Which types of televised anti-tobacco campaigns prompt more quitline calls from disadvantaged groups?

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Abstract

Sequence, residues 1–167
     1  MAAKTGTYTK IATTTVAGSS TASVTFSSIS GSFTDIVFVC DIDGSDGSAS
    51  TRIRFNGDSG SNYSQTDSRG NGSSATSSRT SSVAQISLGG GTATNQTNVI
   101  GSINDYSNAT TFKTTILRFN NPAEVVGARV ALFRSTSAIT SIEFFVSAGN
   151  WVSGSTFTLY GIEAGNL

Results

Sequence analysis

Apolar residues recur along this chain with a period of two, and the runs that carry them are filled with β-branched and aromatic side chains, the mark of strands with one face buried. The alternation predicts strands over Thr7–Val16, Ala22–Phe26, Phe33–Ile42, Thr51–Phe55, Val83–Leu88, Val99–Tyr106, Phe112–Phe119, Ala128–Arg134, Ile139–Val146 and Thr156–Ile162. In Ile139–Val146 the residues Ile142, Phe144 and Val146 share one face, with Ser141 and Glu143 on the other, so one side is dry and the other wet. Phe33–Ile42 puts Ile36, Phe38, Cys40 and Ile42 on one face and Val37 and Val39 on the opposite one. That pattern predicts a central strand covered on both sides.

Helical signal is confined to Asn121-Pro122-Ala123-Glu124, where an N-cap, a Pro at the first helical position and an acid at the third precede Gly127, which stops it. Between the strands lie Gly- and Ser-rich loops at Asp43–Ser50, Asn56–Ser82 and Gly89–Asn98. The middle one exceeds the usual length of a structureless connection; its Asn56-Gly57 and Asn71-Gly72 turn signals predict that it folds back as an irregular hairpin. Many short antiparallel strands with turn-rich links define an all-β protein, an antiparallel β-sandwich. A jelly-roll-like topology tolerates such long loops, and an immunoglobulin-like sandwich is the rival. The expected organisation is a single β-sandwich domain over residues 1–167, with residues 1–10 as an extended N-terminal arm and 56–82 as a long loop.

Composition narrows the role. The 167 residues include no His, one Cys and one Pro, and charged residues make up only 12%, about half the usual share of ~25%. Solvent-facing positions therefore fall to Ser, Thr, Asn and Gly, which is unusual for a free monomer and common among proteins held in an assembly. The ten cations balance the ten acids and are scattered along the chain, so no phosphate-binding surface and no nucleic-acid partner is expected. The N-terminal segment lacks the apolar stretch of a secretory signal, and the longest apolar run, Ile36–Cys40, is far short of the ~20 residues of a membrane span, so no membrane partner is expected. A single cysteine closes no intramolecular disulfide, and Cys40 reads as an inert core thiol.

To examine the efficacy of different types of mass media ads in driving lower socio-economic smokers (SES) to utilize quitlines. This study collected all 33 719 calls to the Victorian quitline in Australia over a 2-year period. Negative binomial regressions examined the relationship between weekly levels of exposure to different types of anti-smoking ads and quitline calls, after adjusting for covariates. Interaction terms were added to determine whether relationships differed by SES. In total, smokers were exposed 88.39 times to anti-smoking ads over the 2-year period, as estimated by target audience ratings points. Higher emotion narrative ad exposure had the strongest association with quitline calls, increasing call rates by 13% for every additional ad exposure per week (per 100 points, rate ratio = 1.132, P = 0.001). Substantially, greater increases in calls to quitline from lower SES groups were observed when higher emotion narrative ads were on air compared with when other ad types were on air, and this advantage was not as strong among higher SES groups. Airing higher emotion narrative anti-smoking ads may contribute to reducing, but not eliminating, socio-economic disparities in calls to the quitline through maximizing the responses of the lower SES smokers.

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